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Booze boasting on Facebook sways teen drinking

Booze boasting on Facebook sways teen drinking


Source: The Spirits Business

by Annie Hayes

26th May, 2015


Pictures and status updates on Facebook which exaggerate users’ drinking habits influence students to drink more, according to a new study.


Research by the University of Sydney found Facebook profiles that exaggerate the user’s drinking habits are promoting “binge drinking” among students.


The study revealed young people believe their peers are drinking more alcohol than they actually are, and by correcting these misconceptions “hazardous” drinking can drop by 50%.


Researchers asked 244 university students to complete a survey about their drinking habits during a normal week.


From this group, 98 of students were deemed “hazardous” drinkers, and were sent a message to inform them of their results.


When they were asked how much they believe their peers were drinking during a week, many estimated an average of six standard beverages per week.


However, the research found that 84% of students who drink enjoy this amount of drinks around once every month.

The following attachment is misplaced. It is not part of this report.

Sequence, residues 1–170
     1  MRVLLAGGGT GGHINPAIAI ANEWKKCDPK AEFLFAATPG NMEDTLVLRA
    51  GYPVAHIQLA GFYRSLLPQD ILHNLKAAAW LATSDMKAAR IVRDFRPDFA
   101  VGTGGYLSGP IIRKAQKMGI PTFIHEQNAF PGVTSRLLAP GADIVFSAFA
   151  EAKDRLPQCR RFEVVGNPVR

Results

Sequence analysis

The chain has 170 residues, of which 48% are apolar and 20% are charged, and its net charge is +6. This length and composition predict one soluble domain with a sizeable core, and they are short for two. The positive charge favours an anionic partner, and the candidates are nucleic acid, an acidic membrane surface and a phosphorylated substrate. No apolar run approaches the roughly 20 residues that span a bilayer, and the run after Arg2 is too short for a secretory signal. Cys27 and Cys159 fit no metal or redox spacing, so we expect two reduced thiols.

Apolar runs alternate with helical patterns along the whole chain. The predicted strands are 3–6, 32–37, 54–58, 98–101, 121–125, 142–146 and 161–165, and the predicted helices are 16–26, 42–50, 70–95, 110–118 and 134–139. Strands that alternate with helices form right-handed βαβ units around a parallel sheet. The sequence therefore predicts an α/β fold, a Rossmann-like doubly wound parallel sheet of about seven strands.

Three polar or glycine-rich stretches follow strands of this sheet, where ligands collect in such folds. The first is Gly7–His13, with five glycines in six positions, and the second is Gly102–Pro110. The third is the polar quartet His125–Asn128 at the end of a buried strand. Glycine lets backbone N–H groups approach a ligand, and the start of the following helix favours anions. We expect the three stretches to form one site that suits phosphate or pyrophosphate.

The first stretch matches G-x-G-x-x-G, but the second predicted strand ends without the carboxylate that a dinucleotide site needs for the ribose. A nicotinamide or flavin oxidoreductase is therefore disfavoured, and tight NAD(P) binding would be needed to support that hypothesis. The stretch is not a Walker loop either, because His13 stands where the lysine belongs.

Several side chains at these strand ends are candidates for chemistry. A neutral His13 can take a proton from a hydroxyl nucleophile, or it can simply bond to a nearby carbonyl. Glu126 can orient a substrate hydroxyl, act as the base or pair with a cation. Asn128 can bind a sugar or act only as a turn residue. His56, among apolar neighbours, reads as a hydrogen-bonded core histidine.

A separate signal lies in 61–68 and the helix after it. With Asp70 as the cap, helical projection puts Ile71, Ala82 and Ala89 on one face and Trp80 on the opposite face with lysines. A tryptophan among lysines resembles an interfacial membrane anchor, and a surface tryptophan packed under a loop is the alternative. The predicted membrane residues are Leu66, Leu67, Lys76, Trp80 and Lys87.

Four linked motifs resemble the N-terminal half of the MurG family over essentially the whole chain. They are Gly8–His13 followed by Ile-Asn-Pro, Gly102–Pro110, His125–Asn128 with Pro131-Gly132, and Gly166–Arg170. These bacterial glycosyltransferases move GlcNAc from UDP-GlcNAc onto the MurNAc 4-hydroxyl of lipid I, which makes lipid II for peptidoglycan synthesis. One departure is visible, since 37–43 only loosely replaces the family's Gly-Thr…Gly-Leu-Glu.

“The more drinking is depicted as socially desirable on Facebook, the more it perpetuates an online culture that normalises binge drinking,” said Dr Ridout from the University of Sydney’s Faculty of Health Sciences.


“The truth is that most young people who drink usually do not do so at risky levels.”


A one month and three month follow-up questionnaire was issued to the “hazardous” users, and on average they had halved their alcohol consumption from 40 drinks per month to 20 drinks on average.


Dr Ridout added: “Evidence shows correcting inflated perceptions of how much their peers drink can have a big influence on young peoples’ behaviour.


“The Facebook intervention resulted in a reported 50% reduction in alcohol consumption, and these changes were still sustained three months later.”


A similar study conducted in Michigan State University earlier this year found the more students engaged with alcohol posts and pages on social media, the greater their desire was to drink alcohol.